U.S. Forest Service has reverses policy banning after-dark flights for firefighting helicopters.
As wildfires continued to burn across Southern California on Thursday, the U.S. Forest Service announced that it will in future again employ an effective but potentially dangerous tactic in fighting fires: nighttime aerial flights for water- and retardant-dropping aircraft.
The announcement, which drew praise from Southern California officials, marks a reversal for the federal land management agency that controls much of the region's fire-prone mountain ranges.
Nighttime flight restrictions during the devastating 2009 Station Fire in the Angeles National Forest had been criticized for limiting firefighting ability and allowing the blaze to spread to 250 square miles.
"We have made this important decision very carefully," Forest Service Chief Tom Tidwell said in a press release. "We have studied night operations from every angle -- risk management, business and operations -- and we have concluded we can conduct night operations safely and effectively."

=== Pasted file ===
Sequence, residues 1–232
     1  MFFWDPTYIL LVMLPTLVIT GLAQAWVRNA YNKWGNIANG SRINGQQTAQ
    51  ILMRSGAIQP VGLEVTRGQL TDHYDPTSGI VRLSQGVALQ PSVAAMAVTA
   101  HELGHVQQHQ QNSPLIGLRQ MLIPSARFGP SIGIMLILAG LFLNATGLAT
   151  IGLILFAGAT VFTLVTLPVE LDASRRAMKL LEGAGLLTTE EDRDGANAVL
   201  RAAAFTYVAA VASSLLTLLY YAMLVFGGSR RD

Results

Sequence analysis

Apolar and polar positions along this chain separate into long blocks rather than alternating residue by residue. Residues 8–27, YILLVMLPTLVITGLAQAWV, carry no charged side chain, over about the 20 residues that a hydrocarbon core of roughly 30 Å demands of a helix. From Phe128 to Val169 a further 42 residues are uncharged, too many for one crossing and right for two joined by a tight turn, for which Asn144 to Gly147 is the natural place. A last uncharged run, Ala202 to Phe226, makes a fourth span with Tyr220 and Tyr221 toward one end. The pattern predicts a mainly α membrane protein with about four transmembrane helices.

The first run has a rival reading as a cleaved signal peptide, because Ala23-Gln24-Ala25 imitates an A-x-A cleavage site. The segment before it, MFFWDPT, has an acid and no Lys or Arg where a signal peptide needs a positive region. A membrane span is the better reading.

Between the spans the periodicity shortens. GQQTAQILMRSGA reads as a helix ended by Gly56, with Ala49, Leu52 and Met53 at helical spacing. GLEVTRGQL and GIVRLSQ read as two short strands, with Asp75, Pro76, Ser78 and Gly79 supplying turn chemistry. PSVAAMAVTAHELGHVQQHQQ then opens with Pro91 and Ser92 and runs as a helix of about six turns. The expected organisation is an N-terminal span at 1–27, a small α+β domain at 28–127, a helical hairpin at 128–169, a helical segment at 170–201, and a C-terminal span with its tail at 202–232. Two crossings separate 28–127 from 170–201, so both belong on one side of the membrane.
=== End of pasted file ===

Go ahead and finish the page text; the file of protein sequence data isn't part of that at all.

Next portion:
The Station Fire broke out Aug. 26, 2009, and became the largest fire in Los Angeles County history. It destroyed 89 residences, 26 commercial properties and 94 outbuildings.
Two firefighters died during the blaze.
Critics of the federal agency's firefighting efforts said that the blaze could have been more effectively managed with the aid of nighttime flights, but the service had previously restricted the tactic to daylight hours for safety reasons.
Last December, a review from the federal Government Accountabilty Office found that the Forest Service needed to clarify its policy on how to use firefighting assets.
The report states that after the Station Fire, the Forest Service changed several policies related to communicating with non-federal agencies -- such as the Los Angeles County Fire Department -- about night-flying operations. In 2010, the service began allowing other agencies to perform night flights with single-engine craft such as helicopters, the report states. The service also established a National Night Flying Operations Working Group, the document says.
The new policy means that the Forest Service will operate its own night-flying aircraft exclusively to fight fires.
It comes after a study that identified 130 "mitigation measures" for a safe nighttime helicopter opertations program, the Forest Service said.